"On our way home, we stopped in Vegreville for one last look at the Pysanka-and, posing in front of it while my dad pulled out his camera, I wanted to cry. Are we doomed? Click. Is this all we are? Click. How do we drag ourselves out from under the shadow of the giant egg? Click." Conceived in a fervent desire for fresher, sexier images of Ukrainian culture in Canada, and concluding with a new reading of enduring cultural stereotypes, Leaving Shadows is the first Canadian book-length monograph on English Ukrainian writing, with substantive analysis of the writing of Myrna Kostash, Andrew Suknaski, George Ryga, Janice Kulyk Keefer, Vera Lysenko, and Maara Haas.
About the author
Originally from St. Paul, Alberta, Lisa Grekul has lived in Mbabane (Swaziland), Toronto, Edmonton, and Vancouver. She completed her B.A. and M.A. degrees at the University of Alberta, and she holds a Ph.D. from the University of British Columbia. Now residing in Kelowna, she teaches Canadian literature in the Department of Critical Studies at the University of British Columbia-Okanagan. Balancing a talent for fiction and skill for scholarly inquiry, Grekul's published works investigate the role and place of fourth- and fifth-generation Ukrainians in Canada. Leaving Shadows: Literature in English by Canada's Ukrainians (University of Alberta, 2005) is her second book; her first, Kalyna's Song (Coteau, 2003), was shortlisted for the Amazon.ca/Books in Canada Best First Book Award and the inaugural Kobzar Literary Award. Currently, she is at work on a book- and film-project, (Con)temporary Nomads: Canadian Autobiography and the Search for Home, focused on Eastern European diasporic communities in Canada.
"Through a sweeping survey of under-read and under-appreciated literary works, Grekul methodically lays out her case for the value of Ukrainian-Canadian writing in English. Grekul embarks on a chronological discovery of what she considers to be the best, most informative, and above all most culturally important works from Ukrainian-Canadian authors since 1900. Grekul's obvious strength throughout is the quality of her narrative voice and the organization of her thoughts, something oft-forgotten in 20th- and 21st-century criticism. It is clear that the process of writing Kalyna's Song, Grekul's first novel and nominee for the Books in Canada/Amazon First Novel Award, developed a well-defined and pleasant writing style that has transferred over to her critical work." Ryan Jones, Prairie Fire Review of Books, www.prairiefire.ca/reviews/grekul_literature.html"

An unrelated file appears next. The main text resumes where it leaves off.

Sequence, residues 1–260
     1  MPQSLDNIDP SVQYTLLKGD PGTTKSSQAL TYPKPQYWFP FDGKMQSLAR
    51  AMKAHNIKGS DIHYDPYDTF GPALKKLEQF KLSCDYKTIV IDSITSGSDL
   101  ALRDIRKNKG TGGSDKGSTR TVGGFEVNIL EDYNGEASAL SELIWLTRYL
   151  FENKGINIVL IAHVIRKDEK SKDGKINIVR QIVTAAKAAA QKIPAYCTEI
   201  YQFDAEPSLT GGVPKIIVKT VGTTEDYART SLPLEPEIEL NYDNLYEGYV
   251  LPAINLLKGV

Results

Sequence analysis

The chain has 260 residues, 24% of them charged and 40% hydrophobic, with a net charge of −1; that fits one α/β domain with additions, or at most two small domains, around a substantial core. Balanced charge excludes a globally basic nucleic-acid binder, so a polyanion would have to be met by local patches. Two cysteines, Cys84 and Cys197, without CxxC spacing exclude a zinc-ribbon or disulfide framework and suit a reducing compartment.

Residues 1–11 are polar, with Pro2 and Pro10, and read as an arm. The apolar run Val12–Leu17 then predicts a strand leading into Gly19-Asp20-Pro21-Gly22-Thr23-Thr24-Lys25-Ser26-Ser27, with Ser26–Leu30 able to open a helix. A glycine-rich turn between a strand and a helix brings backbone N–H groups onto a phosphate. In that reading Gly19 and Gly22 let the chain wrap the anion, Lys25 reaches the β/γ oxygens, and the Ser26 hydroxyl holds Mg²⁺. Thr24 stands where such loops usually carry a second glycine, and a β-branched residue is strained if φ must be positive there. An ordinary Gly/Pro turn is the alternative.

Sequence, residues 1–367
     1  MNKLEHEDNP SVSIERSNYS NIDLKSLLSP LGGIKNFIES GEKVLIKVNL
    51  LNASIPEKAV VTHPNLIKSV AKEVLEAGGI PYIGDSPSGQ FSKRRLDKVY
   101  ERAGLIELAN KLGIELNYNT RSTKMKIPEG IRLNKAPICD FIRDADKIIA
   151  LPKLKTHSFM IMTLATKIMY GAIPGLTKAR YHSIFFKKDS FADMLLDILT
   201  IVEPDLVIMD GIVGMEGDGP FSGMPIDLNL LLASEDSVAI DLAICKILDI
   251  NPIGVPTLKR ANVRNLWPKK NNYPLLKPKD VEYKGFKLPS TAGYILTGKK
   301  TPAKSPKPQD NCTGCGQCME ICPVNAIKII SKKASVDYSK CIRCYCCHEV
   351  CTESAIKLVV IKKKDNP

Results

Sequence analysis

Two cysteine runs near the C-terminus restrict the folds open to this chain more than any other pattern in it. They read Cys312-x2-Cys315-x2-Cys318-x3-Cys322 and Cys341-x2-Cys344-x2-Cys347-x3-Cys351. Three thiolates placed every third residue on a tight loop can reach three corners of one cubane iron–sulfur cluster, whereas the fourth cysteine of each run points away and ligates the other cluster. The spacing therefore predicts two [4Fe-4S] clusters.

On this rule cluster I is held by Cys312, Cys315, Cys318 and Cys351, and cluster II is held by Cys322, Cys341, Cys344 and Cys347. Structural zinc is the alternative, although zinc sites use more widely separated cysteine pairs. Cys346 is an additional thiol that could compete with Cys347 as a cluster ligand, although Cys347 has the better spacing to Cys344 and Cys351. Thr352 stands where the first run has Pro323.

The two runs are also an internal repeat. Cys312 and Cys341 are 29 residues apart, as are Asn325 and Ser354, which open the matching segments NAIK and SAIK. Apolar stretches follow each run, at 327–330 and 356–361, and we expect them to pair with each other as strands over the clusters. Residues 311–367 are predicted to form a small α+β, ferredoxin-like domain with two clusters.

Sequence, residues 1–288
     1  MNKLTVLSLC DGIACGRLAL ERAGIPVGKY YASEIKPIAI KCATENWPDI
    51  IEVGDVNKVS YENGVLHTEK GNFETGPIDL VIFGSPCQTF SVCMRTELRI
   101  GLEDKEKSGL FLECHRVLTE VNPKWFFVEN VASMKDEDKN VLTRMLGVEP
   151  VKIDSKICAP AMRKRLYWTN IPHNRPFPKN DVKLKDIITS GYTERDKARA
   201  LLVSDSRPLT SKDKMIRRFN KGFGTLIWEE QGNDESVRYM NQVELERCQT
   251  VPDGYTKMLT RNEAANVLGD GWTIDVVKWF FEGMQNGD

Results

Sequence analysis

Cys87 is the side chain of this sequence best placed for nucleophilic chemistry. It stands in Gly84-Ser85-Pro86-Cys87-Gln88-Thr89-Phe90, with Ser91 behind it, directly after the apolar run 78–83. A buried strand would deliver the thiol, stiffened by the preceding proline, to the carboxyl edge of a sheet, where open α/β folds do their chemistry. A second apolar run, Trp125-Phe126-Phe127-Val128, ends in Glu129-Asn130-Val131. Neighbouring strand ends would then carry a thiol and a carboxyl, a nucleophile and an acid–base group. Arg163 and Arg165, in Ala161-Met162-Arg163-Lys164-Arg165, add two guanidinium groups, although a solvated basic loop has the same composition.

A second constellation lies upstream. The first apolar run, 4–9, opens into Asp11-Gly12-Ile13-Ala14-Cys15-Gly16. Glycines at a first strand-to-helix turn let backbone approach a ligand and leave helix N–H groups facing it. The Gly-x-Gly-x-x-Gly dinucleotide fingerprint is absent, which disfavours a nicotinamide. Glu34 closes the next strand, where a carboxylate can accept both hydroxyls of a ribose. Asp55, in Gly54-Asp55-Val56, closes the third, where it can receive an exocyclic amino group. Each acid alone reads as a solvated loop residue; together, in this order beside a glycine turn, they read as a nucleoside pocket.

"Grekul's account offers a kind of synthetic treatment that has rarely been provided. She focuses on Lysenko, Maara Haas, George Ryga, Andrew Suknaski, Janice Kulyk Keefer, and Myrna Kostash, but also contextualizes their writings by providing a chapter on the first Anglo-Canadian novels dealing with Ukrainians..The discussion of issues like multiculturalism and contemporary return-to-the-homeland writing is nuanced and bold, and offers new approaches and methods of analysis.. Unfortunately, argues the author, the heavy focus on race in recent discussions around multiculturalism and diversity has obscured the substantial contributions that other ethnic minority writers have made to the issues of assimilation, multiculturalism, and transculturalism; the intersection of ethnicity, class, gender, and sexuality; and nationalism, transnationalism, and diaspora. Sensitively written (even when it is iconoclastic in its readings of individual authors), the book provides an excellent historical overview of the Ukrainian-Canadian experience. It should be considered essential reading for anyone dealing with the subject, and can profitably be used as a text for a number of courses, particularly those dealing with ethnicity, national identity, and Canadian literature." Myroslav Shkandrij, Canadian Book Review Annual 2007
"This is a wonderful collection of essays by a Ukrainian Canadian about the impact on Canadian culture by the infusion of Ukrainians, as felt both by them and by us..A fascinating introduction to writers of Ukrainian background." Ron MacIsaac, The Lower Island NEWS, April 2006.
"Grekul does a close reading of Bloodlines and The Doomed Bridegroom, by Myrna Kostash a self-proclaimed second-generation Ukrainian Canadian, feminist, writer, alumna of the 1960s, who was confronted by Eastern European gender roles..Grekul draws comparisons between Kostash's perspective and that of Kulyk Keefer, (in The Green Library and Honey and Ashes: A Story of a Family), 'the inherent gaps' between history and historiography, that is, historical realities and representations of these realities." Anne Burke, Prairie Journal Trust, February, 2006.